So the book I started today was this one.
I totally agree with her introduction on the myths of frugality.
The first myth is:
Frugal people never have any fun. Stuff and nonsense. I have lots of fun. Having fun does not mean having to spend lots of money. I love walking and hiking, reading, watching movies, and entertaining.
The second myth is:
Living frugally means eating like a pauper. I feel we eat very well. When a person goes into black belt frugality that would mean eating more beans and rice, but eating healthy. Living on ramen is not healthy and would definitely make me want to spend money instead of save money.
The third myth is:
If I am frugal I will never get to shop again. Yeah, right. Frugal people shop, we just make sure that we can get our monies worth out of whatever we buy. Shopping for recreation is just asking for trouble, we shop sales, second hand stores, garage and yard sales.
The fourth myth the author talks about is:
Our children or spouse will hate us if we ask them to be frugal. I did worry about this years ago when the boys were very young (but then we almost lived pay cheque to pay cheque) and up until Harvey realized how my being frugal was actually allowing us to take trips, buy brand new vehicles (paying cash), and just plain living better over all. Now Harvey is behind the frugal band wagon, and the boys are trying to be frugal as well. We all search for the best deal and use every last thing up that we can.
Then the author moved into how to make little changes in our daily lives for chapter one.
These are the very basic of changes like using rags for cleaning instead of paper towels or expensive tools. Something I already do. I will never be able to go completely without paper towels as they are perhaps the best way of cleaning up cat upchucks and as I found this past week cat diarrhea (I know too much information, but it was so much easier to throw out a few paper towels than have to wash even more). There are also some cleaning supplies that I will never be able to get rid of or make my own (carpet cleaner because of the previous cat disasters).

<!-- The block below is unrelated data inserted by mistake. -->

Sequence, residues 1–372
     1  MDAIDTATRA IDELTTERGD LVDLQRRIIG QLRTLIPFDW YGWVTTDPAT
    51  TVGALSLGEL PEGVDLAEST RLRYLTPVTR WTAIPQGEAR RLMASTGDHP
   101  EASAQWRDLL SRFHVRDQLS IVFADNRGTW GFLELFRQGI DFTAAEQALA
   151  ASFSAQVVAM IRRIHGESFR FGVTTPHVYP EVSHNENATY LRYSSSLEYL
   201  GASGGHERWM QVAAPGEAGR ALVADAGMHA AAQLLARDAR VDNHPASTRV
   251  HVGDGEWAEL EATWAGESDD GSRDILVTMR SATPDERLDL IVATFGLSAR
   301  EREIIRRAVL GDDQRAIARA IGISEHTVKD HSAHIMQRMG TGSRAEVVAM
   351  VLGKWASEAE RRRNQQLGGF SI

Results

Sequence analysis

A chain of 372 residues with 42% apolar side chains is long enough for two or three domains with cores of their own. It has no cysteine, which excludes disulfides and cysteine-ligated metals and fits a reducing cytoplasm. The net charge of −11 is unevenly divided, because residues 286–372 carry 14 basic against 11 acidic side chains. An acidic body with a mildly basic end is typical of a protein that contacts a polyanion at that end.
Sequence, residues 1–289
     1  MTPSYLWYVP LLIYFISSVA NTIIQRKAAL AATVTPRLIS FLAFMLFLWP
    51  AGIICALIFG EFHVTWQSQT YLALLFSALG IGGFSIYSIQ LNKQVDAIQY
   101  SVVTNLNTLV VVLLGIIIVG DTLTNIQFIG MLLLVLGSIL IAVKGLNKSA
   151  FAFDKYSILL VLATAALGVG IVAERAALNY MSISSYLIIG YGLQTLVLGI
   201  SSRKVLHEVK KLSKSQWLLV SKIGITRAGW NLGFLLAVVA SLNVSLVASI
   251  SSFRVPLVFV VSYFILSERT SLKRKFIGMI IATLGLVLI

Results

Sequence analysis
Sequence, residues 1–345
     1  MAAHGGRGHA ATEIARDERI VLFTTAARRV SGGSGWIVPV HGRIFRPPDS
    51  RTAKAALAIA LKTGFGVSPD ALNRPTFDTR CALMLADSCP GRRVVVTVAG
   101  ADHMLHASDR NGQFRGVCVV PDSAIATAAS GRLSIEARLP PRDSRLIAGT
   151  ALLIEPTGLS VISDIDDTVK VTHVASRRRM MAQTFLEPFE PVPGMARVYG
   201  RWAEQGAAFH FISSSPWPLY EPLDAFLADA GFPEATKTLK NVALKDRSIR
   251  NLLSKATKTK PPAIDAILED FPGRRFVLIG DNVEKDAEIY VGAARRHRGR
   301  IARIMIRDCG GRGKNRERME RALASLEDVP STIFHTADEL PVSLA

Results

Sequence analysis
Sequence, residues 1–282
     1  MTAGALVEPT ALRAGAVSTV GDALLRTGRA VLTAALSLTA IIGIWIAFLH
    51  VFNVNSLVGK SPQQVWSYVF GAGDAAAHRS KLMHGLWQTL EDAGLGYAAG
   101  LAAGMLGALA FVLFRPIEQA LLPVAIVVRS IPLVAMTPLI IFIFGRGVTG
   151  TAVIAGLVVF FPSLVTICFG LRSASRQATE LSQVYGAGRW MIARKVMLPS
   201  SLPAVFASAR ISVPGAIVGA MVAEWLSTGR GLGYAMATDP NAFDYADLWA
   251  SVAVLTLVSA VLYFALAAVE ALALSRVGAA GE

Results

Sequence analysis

I already do meal planning, in fact while the author does it for a week I do a monthly plan. Now while the meals may get switched around I pretty much stick to what I have planned for the month. The author is correct however in stating that planning menus and good shopping go together. Back in the day when I first started planning my menus, I could only plan for a week. Now because of stock up techniques I can do a months plan and that enables me to stock up on meat and dry or canned goods that might get used next month or even the month after that. It does take awhile, but now I wouldn't have it any other way. In order to do this I had to buy a freezer. This freezer (our first is 35 years old and works wonderfully) has saved us so much money over the years we were able to buy a second one so I could separate our meat from veggies, baking, fruit and premade meals. Having premade meals also saves me from spending cash on a take out meal on those busy days. We both agree on the use of leftovers to save time and money. I call them planned overs as these meals save me having to pull something out to thaw for dinner, and make the best possible use of every bit of meat (meat is expensive).
The author talks about laundry and takes a slightly different approach then me. I was always taught to do full loads of laundry to save on water costs, and laundry detergent. She seems to think smaller loads save more money.... We do agree on not using the dryer however. I always try to hang as much as I can on the lines in the basement during the winter or rainy weather.
I have looked into purchasing a soda stream to make our own pop or fizzy water. I know that this can be a saving but unlike the author I do not consume even half of what she did (or does). I also do not know where to get the carbonation bottles after the one you get with your first purchase is gone. We don't seem to sell them in my city. I would not be adverse to buying them when we went to the big city however so I need to think about this one a bit longer.
Coffee buying is another area the author touches on. I haven't bought coffee since I left uni so really this is not a way for me to save. We have cut down on the amount of coffee the two of us drink so we are getting a bit of a savings.
Hopefully I will find more ways to save in the next couple of chapters. I would really like to be able to say I managed to save enough for our next large trip in just a year.
Everybody have a wonderful evening.